Susvara didn’t sound bad at all, dynamics were decent, but not outstanding and it was clear to me that SGA1 can’t pull the best out of them. It was unusual hearing them alive with such a demanding load, it wasn’t shutting down and it wasn’t clipping at higher volumes. However, little to no headroom remained on tap, limiting dynamics with higher-dynamic range albums from labels as 2L, Linn, Blue Note, Chesky, Deutsche Grammophon, StockFisch and Reference Recordings. While a 5V output from my DACs helped it a little, I was still maxed out with Susvara on several occasions and that wasn’t enough power to put the SGA1 on the map of Susvara approved amplifiers. On the merry side, every other headphone was fully driven and tightly controlled down the lowest pits of sub-bass. For a growing headphone collection, SGA1 looks like a fine solid-state amplifier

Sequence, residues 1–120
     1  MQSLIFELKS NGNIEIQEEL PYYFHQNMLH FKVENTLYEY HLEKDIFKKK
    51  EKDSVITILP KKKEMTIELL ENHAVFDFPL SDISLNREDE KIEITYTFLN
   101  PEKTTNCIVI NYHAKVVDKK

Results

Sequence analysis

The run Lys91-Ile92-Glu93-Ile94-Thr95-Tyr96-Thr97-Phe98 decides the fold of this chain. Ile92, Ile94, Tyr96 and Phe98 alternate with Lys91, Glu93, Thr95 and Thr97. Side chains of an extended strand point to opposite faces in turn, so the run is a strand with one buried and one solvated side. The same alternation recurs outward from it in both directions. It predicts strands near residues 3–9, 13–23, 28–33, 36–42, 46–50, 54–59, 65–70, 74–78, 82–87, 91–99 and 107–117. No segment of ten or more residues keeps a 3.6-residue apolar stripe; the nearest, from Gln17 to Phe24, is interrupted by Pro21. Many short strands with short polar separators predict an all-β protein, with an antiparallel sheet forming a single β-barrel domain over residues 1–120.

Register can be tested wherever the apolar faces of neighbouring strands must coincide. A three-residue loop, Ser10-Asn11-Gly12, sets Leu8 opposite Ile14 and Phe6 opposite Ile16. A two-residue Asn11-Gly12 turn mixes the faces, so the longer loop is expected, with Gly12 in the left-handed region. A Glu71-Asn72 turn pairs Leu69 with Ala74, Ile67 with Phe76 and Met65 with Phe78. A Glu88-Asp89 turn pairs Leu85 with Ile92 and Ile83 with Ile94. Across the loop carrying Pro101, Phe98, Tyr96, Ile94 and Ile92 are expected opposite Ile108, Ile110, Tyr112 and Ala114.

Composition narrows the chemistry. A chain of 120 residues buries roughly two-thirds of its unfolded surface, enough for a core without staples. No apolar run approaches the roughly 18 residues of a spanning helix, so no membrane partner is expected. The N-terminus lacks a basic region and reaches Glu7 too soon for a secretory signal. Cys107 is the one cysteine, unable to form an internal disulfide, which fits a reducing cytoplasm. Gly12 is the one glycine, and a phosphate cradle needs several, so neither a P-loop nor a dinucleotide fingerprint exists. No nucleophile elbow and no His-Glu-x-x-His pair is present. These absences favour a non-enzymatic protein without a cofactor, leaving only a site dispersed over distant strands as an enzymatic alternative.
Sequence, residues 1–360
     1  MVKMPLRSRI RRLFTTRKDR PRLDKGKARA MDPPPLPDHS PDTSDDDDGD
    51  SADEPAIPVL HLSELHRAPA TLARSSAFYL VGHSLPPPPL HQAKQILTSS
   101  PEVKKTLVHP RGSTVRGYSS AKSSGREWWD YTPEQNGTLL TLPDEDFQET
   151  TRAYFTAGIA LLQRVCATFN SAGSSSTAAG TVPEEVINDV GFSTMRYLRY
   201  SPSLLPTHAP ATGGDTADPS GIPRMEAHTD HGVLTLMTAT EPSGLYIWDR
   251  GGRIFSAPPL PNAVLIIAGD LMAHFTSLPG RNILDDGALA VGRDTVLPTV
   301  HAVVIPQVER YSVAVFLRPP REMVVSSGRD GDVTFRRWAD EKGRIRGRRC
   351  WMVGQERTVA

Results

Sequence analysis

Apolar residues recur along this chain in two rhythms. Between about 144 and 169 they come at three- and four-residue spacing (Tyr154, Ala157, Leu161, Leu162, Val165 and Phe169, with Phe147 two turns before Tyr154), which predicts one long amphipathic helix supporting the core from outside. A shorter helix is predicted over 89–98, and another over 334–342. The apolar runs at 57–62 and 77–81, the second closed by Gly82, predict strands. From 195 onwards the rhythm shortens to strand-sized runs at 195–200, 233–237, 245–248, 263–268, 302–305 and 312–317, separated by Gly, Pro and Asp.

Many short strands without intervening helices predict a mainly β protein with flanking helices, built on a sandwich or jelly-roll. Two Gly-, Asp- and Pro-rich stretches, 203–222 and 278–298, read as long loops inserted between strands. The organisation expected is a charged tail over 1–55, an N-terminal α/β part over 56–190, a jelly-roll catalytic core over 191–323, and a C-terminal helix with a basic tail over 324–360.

III. Noise Floor
Can you guess why I’ve recommended adding 6 dB of gain (its maximum gain setting) and never touch its gain settings ever again? You’ve guessed it: we are dealing with a silent amplifier that could be used with IEMs even on its highest gain. I didn’t expect less with a measured noise floor of 1.8 micro-Volts on its SE output and double that number on its balanced outputs. That’s a very low noise-floor, not exactly world-class performance as there are several units that were more impressive in here, but I can’t deny its clean and undistorted nature with anything attached to it, including sensitive IEMs.